I just have a hard time convincing my heart that it’s not a waste of time, that I’m not fiddling while Rome burns.1 I already feel like no matter what I do, it won’t be enough. Nobody will be saved, nothing will be preserved, the horrifying things will come to pass and all I’ve ever accomplished is dust in the wind.
I have to believe that it is the attempt itself that matters. I have to believe that daily decency, kindness, listening, boosting marginalized voices, and refusing to let the despair paralyze me matters.
Some days, though, heartsick and sore, I can’t bring myself to. Some days I have very little faith in anything other than humanity drowning itself and the planet in its own blood. Some days, like today, I am not even furious, just exhausted, terrified, and sure that nothing matters.
Last week got away from me. There was school to prepare for, a train trip to get a certain young fellow ready for, Sir Boxnoggin to finish settling into the household, and and and. I think I’ve finally recovered from Afterwar and a long, almost fruitless wait for a publisher to get their kittens and ducks in a row. So the epic fantasy is a go now, I can continue working on revisions, and the portal fantasy’s going to have to wait.
But I was telling you about the bird feeder pole, wasn’t I.
When last we spoke, Preggers McGee had whomped Batgirl and stuffed herself with birdseed. The remaining contents of both feeders was scattered all over the deck, and I was a trifle peeved.1 But I’d come across a strange idea on the internet many moons previously, and that brainwave can be described in one word.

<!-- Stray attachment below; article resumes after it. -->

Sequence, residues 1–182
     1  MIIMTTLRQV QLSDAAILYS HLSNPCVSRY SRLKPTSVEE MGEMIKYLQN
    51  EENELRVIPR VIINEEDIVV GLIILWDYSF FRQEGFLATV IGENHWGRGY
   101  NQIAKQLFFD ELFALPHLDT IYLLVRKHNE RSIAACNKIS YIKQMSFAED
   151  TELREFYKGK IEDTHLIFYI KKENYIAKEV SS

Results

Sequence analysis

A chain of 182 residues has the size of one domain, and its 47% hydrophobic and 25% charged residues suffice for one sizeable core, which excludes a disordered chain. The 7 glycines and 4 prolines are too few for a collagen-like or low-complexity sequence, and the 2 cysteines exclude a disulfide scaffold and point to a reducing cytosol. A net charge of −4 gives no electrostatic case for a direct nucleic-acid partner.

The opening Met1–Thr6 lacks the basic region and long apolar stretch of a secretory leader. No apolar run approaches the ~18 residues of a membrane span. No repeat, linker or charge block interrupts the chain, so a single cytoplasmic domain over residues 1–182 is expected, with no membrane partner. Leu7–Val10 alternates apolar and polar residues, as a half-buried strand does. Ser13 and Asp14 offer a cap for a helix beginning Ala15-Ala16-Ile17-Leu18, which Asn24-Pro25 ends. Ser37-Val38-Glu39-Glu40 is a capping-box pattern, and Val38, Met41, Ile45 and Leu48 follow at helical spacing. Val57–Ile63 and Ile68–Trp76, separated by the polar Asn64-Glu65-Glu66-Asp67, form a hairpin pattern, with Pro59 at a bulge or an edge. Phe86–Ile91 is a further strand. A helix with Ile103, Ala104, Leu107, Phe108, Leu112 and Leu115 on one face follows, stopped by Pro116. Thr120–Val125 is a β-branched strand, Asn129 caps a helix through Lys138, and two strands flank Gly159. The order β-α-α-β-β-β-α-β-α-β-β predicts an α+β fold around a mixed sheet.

That’s right. Vegetable lard. The baseform of Twinkie cream. One of the less ideal but still workable ways to get your mohawk to stand up in cold weather. Good old fry-your-chicken-in-vegetarian-grease.
“Mum?” The Princess knows that when I begin to look determined, something epic or hilarious (or both) is afoot. “What are you thinking?”
“Crisco,” I said, grimly. “I hear if you grease the pole, squirrels may not be able to climb it.”
“They might just consider it a sauce,” the Little Prince pointed out. “Like the hot-sauce birdseed.”
“Well, it’s biodegradable.” I’m not sure why I chose that as my defense, but I was on a mission. I grabbed a pad of paper towels, slathered a hunk of veggie lard onto it, and stepped out into the scorching heat.
Miss B, of course, had to come with me. Besides, it was after dinner, and she had unloading and prancing to do. Sir Boxnoggin had not yet graced us with his presence, but I’m sure he would have wanted to investigate whatever fascinating thing I was doing with something from the kitchen cabinets–i.e., food.